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Water woes in Dixmoor force abrupt closure of schools

DIXMOOR, Ill. — Dixmoor is again dealing with busted century-old water mains, with the latest occurrence forcing hundreds of students out of school.

According to village officials, long-term relief is more than likely years away.

Jeff Maxey was among the hundreds of Dixmoor parents scrambling to deal with school closures.  

“You send your kids off to school and then all of a sudden you get phone calls saying you have to come home because they’re sending them back home,” Maxey said.

Rusted pipes in Dixmoor. (Photo/WGN)

“I know it’s frustrating for parents,” said Dixmoor Village president Fitzgerald Roberts, adding that he knows the inconvenience is not fair for parents and their children.

Both King Elementary on Seeley Avenue and nearby Rosa Parks Middle school will likely remain closed for days, Roberts fears.

“I need help,” Roberts said. “We need help here in Dixmoor. The pipes are old. Very old. Over 100 years old.

At least four water mains have burst open since Friday. As a result, village contractors are racing to patch things up. But Dixmoor’s board says it won’t be nearly enough.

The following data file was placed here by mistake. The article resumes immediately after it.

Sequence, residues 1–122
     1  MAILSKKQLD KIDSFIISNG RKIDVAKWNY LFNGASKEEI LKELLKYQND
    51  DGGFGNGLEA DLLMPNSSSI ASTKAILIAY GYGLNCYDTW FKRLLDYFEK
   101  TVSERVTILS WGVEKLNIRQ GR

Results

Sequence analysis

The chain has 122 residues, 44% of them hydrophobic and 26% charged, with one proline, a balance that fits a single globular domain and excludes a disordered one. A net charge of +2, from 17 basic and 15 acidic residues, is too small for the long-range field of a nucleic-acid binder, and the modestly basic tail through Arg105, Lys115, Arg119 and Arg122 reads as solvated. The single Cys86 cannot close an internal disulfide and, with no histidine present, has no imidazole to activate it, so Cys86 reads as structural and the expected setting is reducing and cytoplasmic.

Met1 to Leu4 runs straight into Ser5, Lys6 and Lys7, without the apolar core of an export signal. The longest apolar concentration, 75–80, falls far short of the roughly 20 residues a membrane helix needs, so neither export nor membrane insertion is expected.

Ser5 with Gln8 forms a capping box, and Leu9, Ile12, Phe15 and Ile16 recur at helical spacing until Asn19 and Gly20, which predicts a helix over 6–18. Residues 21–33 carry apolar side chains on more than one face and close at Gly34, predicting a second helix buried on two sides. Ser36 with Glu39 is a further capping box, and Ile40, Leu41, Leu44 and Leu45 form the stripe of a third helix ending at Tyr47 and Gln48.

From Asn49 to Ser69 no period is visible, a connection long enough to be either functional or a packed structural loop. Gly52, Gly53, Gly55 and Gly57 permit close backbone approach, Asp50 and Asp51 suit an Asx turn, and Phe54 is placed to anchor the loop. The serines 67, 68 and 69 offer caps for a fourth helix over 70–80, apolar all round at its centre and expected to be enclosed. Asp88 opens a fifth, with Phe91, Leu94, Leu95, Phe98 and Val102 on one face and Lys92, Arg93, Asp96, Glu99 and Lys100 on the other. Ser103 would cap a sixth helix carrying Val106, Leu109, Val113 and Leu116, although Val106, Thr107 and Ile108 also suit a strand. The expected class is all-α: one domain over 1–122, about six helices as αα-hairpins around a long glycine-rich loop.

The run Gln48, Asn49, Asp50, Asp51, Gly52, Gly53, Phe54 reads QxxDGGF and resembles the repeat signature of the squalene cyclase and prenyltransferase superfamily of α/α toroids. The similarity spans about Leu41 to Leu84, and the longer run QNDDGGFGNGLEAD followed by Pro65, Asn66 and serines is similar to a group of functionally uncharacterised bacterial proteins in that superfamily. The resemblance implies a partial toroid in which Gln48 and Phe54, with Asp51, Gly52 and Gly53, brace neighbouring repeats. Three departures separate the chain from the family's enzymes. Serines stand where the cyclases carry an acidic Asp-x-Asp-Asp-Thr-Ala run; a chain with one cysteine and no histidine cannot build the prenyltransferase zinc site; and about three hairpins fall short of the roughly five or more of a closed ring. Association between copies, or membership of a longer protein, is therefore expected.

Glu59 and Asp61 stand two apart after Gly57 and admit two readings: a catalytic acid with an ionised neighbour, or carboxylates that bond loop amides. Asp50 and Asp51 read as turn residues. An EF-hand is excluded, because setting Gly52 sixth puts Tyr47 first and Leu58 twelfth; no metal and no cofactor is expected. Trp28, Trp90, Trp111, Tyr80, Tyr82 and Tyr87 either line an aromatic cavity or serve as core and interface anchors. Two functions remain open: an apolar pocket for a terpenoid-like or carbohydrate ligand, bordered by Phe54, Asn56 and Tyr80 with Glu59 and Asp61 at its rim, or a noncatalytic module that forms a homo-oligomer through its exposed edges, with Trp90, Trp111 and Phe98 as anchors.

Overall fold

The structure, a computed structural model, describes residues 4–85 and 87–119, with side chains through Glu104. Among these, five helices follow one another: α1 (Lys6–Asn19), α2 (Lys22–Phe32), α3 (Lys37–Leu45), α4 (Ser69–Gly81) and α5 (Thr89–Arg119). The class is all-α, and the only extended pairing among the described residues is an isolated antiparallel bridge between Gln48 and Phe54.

“We need to fix this problem instead of putting Band-Aids on it,” Roberts said.

WGN News reported in the spring that Congresswoman Robyn Kelly, Cook County Board President Toni Preckwinkle and others marked the arrival of $2 million in federal funds to allow the Army Corps of Engineers to study the problem in Dixmoor.

The village is one of several south suburbs struggling with similar issues. Yet, Roberts says work in Dixmoor won’t begin until October, carrying over into 2023. Contractors say it’ll only replace about a mile of aging water mains. But Dixmoor village leaders say they’ve got an emergency on their hands in the short term.

“We’re trying to find federal, state, county dollar,” Roberts said. “Whoever can come in and help us with this issue.”

Dixmoor isolated the breaks, so there is partial service to the community. While no boil order is yet in effect, village leaders say the service disruptions must stop.  


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